Just a few years ago, I was living in rural southeastern Nigeria and had nothing but a basic Nokia 2690 phone -- and a big dream to improve the world using technology.
Here's my journey from "village boy" to the epicenter of West Africa's tech boom.
I began programming at 11 years old. As a kid I spent hours on websites and downloading and playing the latest games. After a while I became curious about how websites, which seemed to exist almost by magic, were built -- and how I could build one myself.
My first step was, like most people, to Google it. This led me to the W3Schools
tutorials, a handy site where you can learn to program.
To build a website I needed a computer, but no one in my family could afford one. Luckily, my relative gave me a Nokia 2690 phone. It wasn't very advanced, but adequate enough for me to learn the language of programming.
The new Zuckerberg?
Once I had become a capable programmer, the idea for my first web project was sparked after I watched The Social Network movie, which about the founding of Facebook.
I was inspired by Mark Zuckerberg. But I wanted to go further and create something better. At that time Facebook was set up to connect people you already knew, but I wanted to create a platform which connected everybody.
After some time and a lot of effort, my attempt to replace Facebook fell through. I couldn't get enough users to sign up on the website. The few that signed up didn't stick around because there was only a few people to chat with.
A new idea, a new app
I quickly moved onto my next idea: an app that makes it easy to send text messages to multiple people at once and at an affordable price. The cost of sending text messages in Nigeria was around $0.013, I planned on reducing it to $0.005.
To build the app, I learned a new programming language called Java. I also needed to have a computer to compile the code, but I still couldn't afford one. Fortunately, I was able to find a way to build an app right on my Nokia phone, through an application called J2ME SDK Mobile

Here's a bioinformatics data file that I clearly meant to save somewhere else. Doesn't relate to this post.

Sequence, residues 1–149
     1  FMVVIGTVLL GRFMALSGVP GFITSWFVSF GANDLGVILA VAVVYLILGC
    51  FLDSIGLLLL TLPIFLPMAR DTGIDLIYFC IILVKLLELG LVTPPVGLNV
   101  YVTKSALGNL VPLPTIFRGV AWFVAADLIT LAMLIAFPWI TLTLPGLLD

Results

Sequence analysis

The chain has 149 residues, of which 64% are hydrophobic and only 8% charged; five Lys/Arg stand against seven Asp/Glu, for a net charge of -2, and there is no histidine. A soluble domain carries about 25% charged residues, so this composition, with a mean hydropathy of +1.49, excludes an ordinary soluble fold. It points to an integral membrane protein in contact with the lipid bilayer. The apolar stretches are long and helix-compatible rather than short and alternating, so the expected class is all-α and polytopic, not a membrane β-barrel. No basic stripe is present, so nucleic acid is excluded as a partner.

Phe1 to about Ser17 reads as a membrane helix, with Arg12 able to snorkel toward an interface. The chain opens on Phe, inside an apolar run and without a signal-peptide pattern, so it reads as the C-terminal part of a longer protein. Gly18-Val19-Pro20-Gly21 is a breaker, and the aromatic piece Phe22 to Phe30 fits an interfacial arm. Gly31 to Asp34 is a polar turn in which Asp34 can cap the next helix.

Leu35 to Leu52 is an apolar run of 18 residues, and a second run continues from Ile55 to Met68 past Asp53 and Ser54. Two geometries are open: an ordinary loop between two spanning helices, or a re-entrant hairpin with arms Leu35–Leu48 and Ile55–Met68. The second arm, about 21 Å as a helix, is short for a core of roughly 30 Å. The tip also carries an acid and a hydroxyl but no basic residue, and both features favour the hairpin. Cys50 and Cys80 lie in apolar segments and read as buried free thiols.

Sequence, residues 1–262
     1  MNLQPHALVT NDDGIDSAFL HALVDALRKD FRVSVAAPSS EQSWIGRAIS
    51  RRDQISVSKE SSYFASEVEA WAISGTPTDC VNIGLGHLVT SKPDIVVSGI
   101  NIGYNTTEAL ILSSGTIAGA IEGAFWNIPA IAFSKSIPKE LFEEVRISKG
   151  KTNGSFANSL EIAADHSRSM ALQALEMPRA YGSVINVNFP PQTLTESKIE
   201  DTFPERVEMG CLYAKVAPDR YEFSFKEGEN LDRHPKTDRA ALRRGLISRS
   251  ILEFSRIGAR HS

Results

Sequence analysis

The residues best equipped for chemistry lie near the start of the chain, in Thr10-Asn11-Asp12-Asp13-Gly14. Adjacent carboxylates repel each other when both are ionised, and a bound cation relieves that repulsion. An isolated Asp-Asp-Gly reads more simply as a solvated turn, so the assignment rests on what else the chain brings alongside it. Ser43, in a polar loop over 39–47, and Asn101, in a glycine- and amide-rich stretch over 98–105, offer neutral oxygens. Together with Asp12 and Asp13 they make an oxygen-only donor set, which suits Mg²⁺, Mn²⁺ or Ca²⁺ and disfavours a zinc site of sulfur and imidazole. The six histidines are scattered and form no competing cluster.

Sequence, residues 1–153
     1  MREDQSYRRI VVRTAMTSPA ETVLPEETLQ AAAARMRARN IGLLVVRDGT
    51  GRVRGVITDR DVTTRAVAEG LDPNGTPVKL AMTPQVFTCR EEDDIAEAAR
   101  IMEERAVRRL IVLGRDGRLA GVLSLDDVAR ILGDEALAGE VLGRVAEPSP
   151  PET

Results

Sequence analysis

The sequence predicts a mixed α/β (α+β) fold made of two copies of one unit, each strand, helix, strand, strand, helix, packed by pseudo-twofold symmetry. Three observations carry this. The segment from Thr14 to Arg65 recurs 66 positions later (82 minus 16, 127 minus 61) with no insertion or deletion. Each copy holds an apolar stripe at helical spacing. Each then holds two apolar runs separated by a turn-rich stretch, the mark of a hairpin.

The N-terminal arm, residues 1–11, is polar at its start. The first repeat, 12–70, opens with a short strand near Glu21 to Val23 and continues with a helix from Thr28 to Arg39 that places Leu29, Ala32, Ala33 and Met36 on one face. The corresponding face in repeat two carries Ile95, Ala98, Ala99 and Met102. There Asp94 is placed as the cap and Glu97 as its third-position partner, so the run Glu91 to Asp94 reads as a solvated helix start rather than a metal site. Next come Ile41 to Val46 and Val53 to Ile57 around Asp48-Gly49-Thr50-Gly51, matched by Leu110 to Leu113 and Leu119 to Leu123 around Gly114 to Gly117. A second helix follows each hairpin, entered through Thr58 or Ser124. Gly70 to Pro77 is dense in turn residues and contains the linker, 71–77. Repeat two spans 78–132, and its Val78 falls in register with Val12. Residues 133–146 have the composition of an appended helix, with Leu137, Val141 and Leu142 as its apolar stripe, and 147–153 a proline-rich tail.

I spent days programming, carefully typing everything on the phone's small number pad. After a few months, I had built the website and the app.
The app launch went well -- at least better than my first project. We got some local press and grew to about 5,000 users. There were a few daily transactions, but over time, due in part to my inexperience (I was still only 14 years old), I was not able to keep up with the number of users and had to shut the app down.
It was becoming clear that to take my programming skills to the next level I would need a computer. I cut my daily expenses and lived a simple a life as possible. I asked my relatives for help. I even sold some personal belongings to raise money for the laptop.
Still, it wasn't enough. Determined to achieve my goal, I took on a freelance job building a website to earn the remaining sum.
How do you build a website for PC on a feature phone? Simple: have a Facebook friend you disturb every night to view your website on his computer and give you feedback. It was cheaper than going to a cyber cafe.
Finally I was able to get a laptop. I switched immediately to creating Android apps. The Android platform didn't have the limitations that exist on the J2ME platform which, for a techie like me, was very exciting.
At this point, I was now a high school graduate, and I was looking for freelance jobs to support my family. I saw a job advert for an Android developer position at dot Learn. I looked them up and realized it was set up by two MIT-based technologists working in a field that I was passionate about, education technology.
They had a unique idea: to solve the problem of access to online education by making educational videos extremely data-light -- as low as 1MB for every hour of video.
I felt this was key to making education more accessible, as cheap and fast internet connection needed to download large videos is still uncommon in Africa.
I am very passionate about revolutionizing education in Africa. In fact, I had already built a free (ad-supported) exam prep app called PrepUp
with over 30,000+ installs and was one of the finalists at the West Africa Mobile Awards 2016
After several days of debating with myself, I finally applied for the position. Well, long story short: after lots of preparation, a phone interview, coding projects, and answering challenging questions, I was accepted.
Working at dot Learn, I have met lots of awesome people from MIT, Harvard, and other great places. As a team, we have been part of some testing competitions like the Techcrunch Battlefield Africa
, Cisco Innovation Challenge
, and the MIT Inclusive Innovation Challenge
It's been incredible so far, and dot Learn is just one of many startups, like Andela and iROKO, in the growing tech ecosystem bursting in Lagos.
It's hard to believe this journey all began with a basic Nokia phone.